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Mea­sur­ing how ef­fi­ciently wa­ter is used in agri­cul­ture, par­tic­u­larly in wa­ter-scarce coun­tries, is go­ing high-tech with the help of a new tool de­vel­oped by the Food and Agri­cul­ture Or­ga­ni­za­tion of the United Na­tions (FAO).

The Wa­ter Pro­duc­tiv­ity (WaPOR) open-ac­cess data­base has gone live, tap­ping satel­lite data to help farm­ers achieve more re­li­able agri­cul­tural yields and al­low­ing for the op­ti­mi­sa­tion of ir­ri­ga­tion sys­tems.

WaPOR was pre­sented dur­ing a high-level part­ners meet­ing for FAO's ‘Cop­ing with wa­ter scarcity in agri­cul­ture: a global frame­work for ac­tion in a chang­ing cli­mate’. It al­lows for fine-grained anal­y­sis of wa­ter utilised through farm­ing sys­tems, gen­er­at­ing em­pir­i­cal ev­i­dence about how it can be most pro­duc­tively used.

World­wide wa­ter util­i­sa­tion - the ma­jor­ity of which is used by agri­cul­ture - has out­paced the rate of pop­u­la­tion growth for most of the last cen­tury and some re­gions are close to breach­ing vi­able lim­its.

"Wa­ter use con­tin­ues to surge at the same time that cli­mate change - with in­creas­ing droughts and ex­treme weather - is al­ter­ing and re­duc­ing wa­ter avail­abil­ity for agri­cul­ture," says Maria He­lena Semedo, FAO's Deputy Di­rec­tor­Gen­eral, Cli­mate Change and Nat­u­ral Resources. "That puts a premium on mak­ing every drop count, un­der­scor­ing the im­por­tance of meet­ing grow­ing food pro­duc­tion needs from ef­fi­ciency gains."

WaPOR sifts through satel­lite data and uses Google Earth com­put­ing power to pro­duce maps that show how much biomass and yield is pro­duced per cu­bic me­ter of wa­ter con­sumed.

The maps can be ren­dered at res­o­lu­tions of as lit­tle as 30 to 250 me­ters, and up­dated every one to ten days.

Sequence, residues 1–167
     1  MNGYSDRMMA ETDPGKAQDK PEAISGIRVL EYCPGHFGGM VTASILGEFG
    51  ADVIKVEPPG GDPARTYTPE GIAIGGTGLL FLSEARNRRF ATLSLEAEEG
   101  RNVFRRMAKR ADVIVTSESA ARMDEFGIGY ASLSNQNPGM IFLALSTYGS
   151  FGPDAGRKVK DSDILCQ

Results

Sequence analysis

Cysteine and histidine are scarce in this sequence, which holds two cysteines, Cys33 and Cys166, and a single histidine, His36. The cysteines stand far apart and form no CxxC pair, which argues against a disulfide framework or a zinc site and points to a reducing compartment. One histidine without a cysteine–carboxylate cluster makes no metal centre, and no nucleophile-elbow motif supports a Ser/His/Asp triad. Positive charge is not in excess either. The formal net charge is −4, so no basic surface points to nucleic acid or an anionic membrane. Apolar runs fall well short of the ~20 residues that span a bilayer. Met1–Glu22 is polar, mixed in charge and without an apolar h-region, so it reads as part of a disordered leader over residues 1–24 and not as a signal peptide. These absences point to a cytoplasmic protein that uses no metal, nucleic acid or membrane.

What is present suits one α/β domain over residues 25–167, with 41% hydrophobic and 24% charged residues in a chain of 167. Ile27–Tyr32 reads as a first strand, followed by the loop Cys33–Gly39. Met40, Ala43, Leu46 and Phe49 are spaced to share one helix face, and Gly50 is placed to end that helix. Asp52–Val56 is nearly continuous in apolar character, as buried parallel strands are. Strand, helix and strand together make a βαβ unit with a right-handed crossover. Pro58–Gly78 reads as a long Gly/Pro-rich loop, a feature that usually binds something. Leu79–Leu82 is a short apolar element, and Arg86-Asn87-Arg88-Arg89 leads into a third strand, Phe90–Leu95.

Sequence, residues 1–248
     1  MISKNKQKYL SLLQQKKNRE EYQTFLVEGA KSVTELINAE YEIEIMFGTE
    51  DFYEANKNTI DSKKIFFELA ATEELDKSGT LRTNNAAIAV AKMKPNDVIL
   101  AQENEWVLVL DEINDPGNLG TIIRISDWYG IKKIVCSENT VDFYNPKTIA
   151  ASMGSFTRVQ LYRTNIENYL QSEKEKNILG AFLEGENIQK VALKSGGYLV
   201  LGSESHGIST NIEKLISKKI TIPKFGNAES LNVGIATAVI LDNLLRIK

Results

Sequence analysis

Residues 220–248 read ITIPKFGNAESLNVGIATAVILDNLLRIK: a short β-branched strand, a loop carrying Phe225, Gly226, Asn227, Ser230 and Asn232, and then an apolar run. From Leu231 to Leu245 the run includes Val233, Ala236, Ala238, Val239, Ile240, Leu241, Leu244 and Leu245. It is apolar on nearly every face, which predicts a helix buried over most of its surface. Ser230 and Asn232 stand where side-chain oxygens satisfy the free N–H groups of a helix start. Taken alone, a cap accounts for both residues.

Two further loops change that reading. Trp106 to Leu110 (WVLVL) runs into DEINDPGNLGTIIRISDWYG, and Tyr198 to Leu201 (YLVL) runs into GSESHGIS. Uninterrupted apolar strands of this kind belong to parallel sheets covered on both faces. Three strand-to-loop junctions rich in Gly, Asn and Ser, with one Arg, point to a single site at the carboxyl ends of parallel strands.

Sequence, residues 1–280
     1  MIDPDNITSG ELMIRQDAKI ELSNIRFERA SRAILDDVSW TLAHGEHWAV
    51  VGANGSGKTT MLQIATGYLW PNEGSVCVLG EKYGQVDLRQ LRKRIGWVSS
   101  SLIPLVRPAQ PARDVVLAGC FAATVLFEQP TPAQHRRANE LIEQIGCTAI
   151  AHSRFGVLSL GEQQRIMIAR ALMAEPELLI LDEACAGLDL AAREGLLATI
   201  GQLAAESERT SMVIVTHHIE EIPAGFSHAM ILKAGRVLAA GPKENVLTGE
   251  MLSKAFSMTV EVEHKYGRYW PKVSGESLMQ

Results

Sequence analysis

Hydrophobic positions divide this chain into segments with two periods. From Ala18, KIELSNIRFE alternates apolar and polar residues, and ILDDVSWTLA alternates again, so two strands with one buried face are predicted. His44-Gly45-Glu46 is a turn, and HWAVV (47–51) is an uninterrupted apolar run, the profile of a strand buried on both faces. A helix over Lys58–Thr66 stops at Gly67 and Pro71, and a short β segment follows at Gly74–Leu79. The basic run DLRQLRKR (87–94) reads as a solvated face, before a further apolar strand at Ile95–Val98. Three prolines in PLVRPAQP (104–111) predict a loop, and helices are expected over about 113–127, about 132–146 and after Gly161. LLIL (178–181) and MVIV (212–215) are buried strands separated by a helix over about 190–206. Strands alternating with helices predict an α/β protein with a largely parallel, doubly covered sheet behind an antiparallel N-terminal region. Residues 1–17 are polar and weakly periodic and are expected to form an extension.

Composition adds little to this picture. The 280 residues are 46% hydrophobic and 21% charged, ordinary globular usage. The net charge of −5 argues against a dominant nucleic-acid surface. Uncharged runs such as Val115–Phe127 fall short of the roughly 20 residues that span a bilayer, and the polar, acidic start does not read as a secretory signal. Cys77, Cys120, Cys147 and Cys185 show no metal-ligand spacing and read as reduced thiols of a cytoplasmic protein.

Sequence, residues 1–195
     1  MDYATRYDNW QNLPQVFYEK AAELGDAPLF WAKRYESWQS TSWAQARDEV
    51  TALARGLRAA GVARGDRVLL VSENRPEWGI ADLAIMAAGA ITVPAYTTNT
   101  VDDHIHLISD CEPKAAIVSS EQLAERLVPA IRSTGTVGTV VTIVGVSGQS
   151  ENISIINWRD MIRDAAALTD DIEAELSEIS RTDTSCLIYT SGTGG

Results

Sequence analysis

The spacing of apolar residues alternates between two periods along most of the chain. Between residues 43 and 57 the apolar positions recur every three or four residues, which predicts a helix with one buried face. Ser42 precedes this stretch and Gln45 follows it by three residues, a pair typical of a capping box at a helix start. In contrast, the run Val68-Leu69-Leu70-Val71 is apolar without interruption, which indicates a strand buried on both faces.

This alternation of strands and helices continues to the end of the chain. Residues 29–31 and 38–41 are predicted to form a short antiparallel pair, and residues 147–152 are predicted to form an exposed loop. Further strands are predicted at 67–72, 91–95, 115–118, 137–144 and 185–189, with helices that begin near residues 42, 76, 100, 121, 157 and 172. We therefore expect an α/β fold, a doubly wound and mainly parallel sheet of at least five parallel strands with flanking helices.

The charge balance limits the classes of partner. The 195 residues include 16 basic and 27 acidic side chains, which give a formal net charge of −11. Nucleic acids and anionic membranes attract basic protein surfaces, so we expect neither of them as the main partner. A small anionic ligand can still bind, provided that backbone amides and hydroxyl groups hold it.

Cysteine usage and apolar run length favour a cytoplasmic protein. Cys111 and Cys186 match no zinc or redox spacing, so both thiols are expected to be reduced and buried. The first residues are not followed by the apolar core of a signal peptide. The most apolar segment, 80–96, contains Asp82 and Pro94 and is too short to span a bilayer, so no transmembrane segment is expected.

FAO's team of in­for­ma­tion tech­nol­ogy and land and wa­ter of­fi­cers has de­signed WaPOR -

through a US$10 mil­lion project funded by the Gov­ern­ment of the Nether­lands - to cover Africa and the Near East, with a fo­cus on key coun­tries that are or are pro­jected soon to face phys­i­cal or in­fras­truc­tural wa­ter scarcity.

The con­ti­nen­tal level data­base is on­line as of to­day, while coun­try level data will be made avail­able in June for Benin, Bu­rundi, Egypt, Ethiopia, Ghana, Jor­dan, Kenya, Le­banon, Mali, Morocco, Mozam­bique, Rwanda, South Su­dan, Syria, Tu­nisia, Uganda, West Bank and Gaza Strip, and Ye­men. Even more de­tailed data will come on­line in Oc­to­ber, start­ing with pi­lot ar­eas in Le­banon, Ethiopia and Mali.

Modus Operandi

WaPOR mea­sures evap­o­tran­spi­ra­tion, a key phase in the nat­u­ral wa­ter cy­cle con­sist­ing of wa­ter that di­rectly evap­o­rates into the at­mo­sphere and wa­ter that re­turns to the at­mo­sphere after mov­ing through a plant and emerg­ing as vapour ex­uded by fo­liage.

Evap­o­tran­spi­ra­tion thus pro­vides a direct mea­sure of the wa­ter con­sumed by a crop dur­ing a grow­ing sea­son and, when re­lated to the biomass and har­vestable crop yield, al­lows for cal­cu­lat­ing the crop wa­ter pro­duc­tiv­ity.